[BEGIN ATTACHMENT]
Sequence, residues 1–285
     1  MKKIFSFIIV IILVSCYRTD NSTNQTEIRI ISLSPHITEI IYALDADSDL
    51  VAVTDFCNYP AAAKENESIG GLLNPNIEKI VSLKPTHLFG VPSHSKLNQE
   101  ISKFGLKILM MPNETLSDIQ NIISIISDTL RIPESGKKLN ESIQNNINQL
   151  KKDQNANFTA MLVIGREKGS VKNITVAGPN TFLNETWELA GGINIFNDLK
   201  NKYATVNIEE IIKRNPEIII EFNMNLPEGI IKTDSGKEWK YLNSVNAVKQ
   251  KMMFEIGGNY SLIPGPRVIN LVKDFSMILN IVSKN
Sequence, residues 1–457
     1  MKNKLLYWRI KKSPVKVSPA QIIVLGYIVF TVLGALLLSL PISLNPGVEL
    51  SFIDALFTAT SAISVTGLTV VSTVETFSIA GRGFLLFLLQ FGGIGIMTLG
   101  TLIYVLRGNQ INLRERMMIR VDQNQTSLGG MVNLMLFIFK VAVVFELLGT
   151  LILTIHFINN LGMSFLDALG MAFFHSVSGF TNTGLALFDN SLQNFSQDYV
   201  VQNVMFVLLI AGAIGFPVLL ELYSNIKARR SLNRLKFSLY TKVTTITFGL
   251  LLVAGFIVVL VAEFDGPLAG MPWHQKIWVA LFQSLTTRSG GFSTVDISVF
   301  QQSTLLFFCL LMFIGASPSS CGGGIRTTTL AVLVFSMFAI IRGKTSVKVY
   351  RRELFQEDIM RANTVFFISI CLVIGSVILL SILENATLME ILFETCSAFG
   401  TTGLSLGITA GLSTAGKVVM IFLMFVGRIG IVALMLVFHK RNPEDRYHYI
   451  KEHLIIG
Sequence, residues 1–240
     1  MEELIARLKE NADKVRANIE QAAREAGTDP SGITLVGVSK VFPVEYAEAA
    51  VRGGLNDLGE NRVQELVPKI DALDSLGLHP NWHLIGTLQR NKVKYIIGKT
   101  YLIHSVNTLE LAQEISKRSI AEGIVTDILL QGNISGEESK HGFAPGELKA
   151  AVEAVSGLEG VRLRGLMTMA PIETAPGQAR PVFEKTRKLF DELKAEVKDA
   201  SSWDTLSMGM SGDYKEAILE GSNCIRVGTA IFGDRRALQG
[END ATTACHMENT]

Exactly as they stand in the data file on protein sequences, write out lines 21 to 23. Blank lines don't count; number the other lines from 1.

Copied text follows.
    51  VRGGLNDLGE NRVQELVPKI DALDSLGLHP NWHLIGTLQR NKVKYIIGKT
   101  YLIHSVNTLE LAQEISKRSI AEGIVTDILL QGNISGEESK HGFAPGELKA
   151  AVEAVSGLEG VRLRGLMTMA PIETAPGQAR PVFEKTRKLF DELKAEVKDA